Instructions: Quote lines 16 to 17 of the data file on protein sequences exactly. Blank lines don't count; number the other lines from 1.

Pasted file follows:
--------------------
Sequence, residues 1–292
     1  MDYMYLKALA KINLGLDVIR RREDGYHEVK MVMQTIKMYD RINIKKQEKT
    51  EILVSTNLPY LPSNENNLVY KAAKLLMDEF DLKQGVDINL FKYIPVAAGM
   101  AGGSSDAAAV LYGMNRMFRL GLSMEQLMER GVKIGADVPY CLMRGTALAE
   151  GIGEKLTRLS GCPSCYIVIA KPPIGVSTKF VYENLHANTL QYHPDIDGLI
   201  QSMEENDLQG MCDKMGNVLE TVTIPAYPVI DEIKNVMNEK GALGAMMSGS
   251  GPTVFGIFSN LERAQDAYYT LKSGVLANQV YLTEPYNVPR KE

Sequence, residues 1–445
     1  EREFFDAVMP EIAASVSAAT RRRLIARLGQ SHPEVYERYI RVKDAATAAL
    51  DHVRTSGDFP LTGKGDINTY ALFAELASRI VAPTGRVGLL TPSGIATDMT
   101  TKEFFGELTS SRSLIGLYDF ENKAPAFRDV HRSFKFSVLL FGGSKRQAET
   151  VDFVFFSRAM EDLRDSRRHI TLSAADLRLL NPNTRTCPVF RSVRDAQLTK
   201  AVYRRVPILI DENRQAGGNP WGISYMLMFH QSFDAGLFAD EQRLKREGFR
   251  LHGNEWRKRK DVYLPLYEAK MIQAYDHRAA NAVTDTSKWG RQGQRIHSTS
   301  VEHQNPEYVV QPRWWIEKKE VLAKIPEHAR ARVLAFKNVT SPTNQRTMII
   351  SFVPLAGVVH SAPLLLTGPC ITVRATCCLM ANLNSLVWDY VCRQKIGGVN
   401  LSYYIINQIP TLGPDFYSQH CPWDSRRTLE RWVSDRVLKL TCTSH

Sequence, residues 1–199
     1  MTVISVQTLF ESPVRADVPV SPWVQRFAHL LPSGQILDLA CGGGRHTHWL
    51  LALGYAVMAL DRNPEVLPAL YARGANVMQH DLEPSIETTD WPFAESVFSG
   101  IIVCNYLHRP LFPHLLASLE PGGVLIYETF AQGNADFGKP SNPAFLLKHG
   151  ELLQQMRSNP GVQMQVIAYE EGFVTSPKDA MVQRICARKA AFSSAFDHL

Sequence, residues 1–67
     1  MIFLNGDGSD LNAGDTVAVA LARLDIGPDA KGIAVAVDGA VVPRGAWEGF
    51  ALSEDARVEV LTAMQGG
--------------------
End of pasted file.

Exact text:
   351  SFVPLAGVVH SAPLLLTGPC ITVRATCCLM ANLNSLVWDY VCRQKIGGVN
   401  LSYYIINQIP TLGPDFYSQH CPWDSRRTLE RWVSDRVLKL TCTSH